Here's the Thing About 'Hilda'
Preparing your own inner child for parenthood.
I have always loved cartoons. Being born in the late 80s to parents born in the late 40s left me exposed to the greatest animation that every decade of the genre had to offer. As I grew up, it became clear that cartoons were not going to be left behind as my G.I. Joe's had been. The shows I clung to as a child gave way for the early days of Adult Swim when I was a teenager, soon followed by the new golden age of animation that boomed as I became a full fledged adult. When I found out that I was going to be a father, the decision to see what children's programming I had been missing out on was an easy one to make, and soon enough I was pulled into the world of Hilda.
Based on the graphic novel series of the same name by British cartoonist Luke Pearson, Hilda grabbed my attention almost immediately. The whimsical world presented with a simple yet sincere animation style is reminiscent of the most fantastic elements of cartoons such as Adventure Time, but the far more realistic setting in which the human characters and mythical creatures exist follows rules more akin to real life than anything rooted purely in cartoon logic.
Hilda may have a special place in my heart because of when and how I came about discovering the series, and I'm willing to own up to that potential bias. Still, it is an objectively good show that hits many of the same or similar notes to other heartfelt animated series geared towards the same audience. The target demographic for Hilda isn't necessarily the same as Steven Universe or Adventure Time, something that is driven home by the occasionally preachy tone that is used to deliver each moral message to the youngest viewers. Still, it never feels like you are watching anything so blatantly informative as Dora and Friends, yet there is rarely an episode that doesn't leave viewers with some sort of lesson.
Much like almost every other animated series of the last two decades, Hilda eventually finds room for subplots to play out in the background of each episode, all of them snowballing into a storyline that becomes a main vein of sorts for the show. This isn't bad, as Hilda never has to sacrifice any of the trappings which ultimately make it a children's show in order to provide fans with more than purely episodic writing. Rarely is Hilda ever overt when it comes to teaching children how to deal with strong emotions that come from personal loss and disappointment. This leads to episodes which come with a palpable sense of urgency, or instill a kind of concern in viewers with children of their own that is rarely touched on in family friendly media.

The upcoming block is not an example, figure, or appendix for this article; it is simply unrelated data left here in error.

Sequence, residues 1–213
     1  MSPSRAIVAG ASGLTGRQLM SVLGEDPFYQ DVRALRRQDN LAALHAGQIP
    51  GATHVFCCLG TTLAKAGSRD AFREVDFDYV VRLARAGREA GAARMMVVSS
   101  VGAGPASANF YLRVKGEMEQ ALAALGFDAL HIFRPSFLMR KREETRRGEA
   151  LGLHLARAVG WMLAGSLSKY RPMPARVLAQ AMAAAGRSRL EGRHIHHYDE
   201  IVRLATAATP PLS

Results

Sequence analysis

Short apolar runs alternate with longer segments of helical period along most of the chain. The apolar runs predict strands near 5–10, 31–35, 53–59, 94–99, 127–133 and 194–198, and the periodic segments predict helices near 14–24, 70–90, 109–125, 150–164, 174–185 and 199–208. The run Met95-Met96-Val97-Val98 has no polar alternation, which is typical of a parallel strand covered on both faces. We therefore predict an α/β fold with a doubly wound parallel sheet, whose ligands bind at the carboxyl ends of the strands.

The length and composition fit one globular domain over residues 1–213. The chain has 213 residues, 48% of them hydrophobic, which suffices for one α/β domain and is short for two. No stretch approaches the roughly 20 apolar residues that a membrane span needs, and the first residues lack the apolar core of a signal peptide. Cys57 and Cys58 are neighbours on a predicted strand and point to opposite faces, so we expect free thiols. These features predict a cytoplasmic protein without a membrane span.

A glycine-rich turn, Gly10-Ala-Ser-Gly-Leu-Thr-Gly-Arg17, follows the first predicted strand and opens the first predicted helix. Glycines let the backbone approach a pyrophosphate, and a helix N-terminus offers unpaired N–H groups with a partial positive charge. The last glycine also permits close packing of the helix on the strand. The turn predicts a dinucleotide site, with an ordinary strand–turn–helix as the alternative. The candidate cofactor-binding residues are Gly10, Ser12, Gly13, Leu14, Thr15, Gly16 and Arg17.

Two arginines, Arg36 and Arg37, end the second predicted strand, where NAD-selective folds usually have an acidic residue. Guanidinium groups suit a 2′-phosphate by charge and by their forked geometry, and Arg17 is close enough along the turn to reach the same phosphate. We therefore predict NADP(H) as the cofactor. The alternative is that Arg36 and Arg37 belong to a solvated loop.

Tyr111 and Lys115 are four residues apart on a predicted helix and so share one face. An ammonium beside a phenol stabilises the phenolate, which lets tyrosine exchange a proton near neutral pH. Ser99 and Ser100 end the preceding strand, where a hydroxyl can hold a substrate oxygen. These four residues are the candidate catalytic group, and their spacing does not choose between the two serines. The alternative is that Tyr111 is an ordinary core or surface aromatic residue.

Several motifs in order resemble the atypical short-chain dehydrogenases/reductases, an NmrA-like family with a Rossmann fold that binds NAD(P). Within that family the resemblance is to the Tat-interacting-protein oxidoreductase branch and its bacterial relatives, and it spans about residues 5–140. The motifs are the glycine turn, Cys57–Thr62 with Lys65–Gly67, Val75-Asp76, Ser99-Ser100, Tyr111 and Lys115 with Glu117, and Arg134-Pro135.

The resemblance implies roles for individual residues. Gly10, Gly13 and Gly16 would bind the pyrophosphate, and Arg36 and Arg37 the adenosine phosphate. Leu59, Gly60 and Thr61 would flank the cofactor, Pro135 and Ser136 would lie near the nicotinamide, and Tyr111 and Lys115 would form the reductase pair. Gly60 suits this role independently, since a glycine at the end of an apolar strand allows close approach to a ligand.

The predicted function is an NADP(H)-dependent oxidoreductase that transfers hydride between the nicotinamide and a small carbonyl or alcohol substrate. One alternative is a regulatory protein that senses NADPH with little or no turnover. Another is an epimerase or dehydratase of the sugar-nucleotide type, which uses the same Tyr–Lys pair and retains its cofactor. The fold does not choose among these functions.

As I watch Hilda through a critical lens, there isn't much that I can do other than be astounded by how it does so many things at once without suffering from pacing issues or worse. Nothing that feels like it might be important is ever abandoned in favor of a different storyline. It is easy to recognize the influences which the series and its creators have drawn upon, but there is never a moment that feels ripped from elsewhere. Hilda isn't a collage of cherrypicked concepts which proved successful on other shows, it's the culmination of careful attention to detail fueled by genuine passion for the stories that are waiting to be told.
There are plenty of things to appreciate about a good cartoon, and prioritizing those properties is key to catering to any audience. When I was little, I cared far more about cool characters with catchy names than I did storytelling or development. Looking back at many of those personal favorites only to see how poorly they have aged is at times embarrassing simply for the fact that I enjoyed them so much. The thing about Hilda is that the series itself has achieved a near perfect balancing act when it comes to prioritizing what each demographic wants from it. Hilda isn't just a show for children, it's a show for parents, and I cannot wait to find out what my own daughter thinks of it when she rewatches it in her own adulthood.